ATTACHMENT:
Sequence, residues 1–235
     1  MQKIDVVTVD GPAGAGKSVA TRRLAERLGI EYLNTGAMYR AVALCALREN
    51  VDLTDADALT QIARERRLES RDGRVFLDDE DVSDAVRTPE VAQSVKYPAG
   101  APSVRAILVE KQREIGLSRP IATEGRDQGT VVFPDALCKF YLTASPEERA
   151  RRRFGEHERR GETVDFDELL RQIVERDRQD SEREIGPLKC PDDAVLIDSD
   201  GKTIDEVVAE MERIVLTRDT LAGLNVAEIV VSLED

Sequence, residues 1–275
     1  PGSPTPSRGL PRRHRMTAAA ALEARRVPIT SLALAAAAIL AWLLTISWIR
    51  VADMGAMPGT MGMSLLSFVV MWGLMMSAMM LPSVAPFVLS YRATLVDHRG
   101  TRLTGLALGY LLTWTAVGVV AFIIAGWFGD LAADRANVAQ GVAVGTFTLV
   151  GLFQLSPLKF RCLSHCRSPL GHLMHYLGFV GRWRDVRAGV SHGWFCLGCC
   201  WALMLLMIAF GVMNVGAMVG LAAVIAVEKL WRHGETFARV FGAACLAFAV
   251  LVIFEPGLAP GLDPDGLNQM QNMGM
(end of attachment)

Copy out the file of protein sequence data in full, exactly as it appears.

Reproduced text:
Sequence, residues 1–235
     1  MQKIDVVTVD GPAGAGKSVA TRRLAERLGI EYLNTGAMYR AVALCALREN
    51  VDLTDADALT QIARERRLES RDGRVFLDDE DVSDAVRTPE VAQSVKYPAG
   101  APSVRAILVE KQREIGLSRP IATEGRDQGT VVFPDALCKF YLTASPEERA
   151  RRRFGEHERR GETVDFDELL RQIVERDRQD SEREIGPLKC PDDAVLIDSD
   201  GKTIDEVVAE MERIVLTRDT LAGLNVAEIV VSLED

Sequence, residues 1–275
     1  PGSPTPSRGL PRRHRMTAAA ALEARRVPIT SLALAAAAIL AWLLTISWIR
    51  VADMGAMPGT MGMSLLSFVV MWGLMMSAMM LPSVAPFVLS YRATLVDHRG
   101  TRLTGLALGY LLTWTAVGVV AFIIAGWFGD LAADRANVAQ GVAVGTFTLV
   151  GLFQLSPLKF RCLSHCRSPL GHLMHYLGFV GRWRDVRAGV SHGWFCLGCC
   201  WALMLLMIAF GVMNVGAMVG LAAVIAVEKL WRHGETFARV FGAACLAFAV
   251  LVIFEPGLAP GLDPDGLNQM QNMGM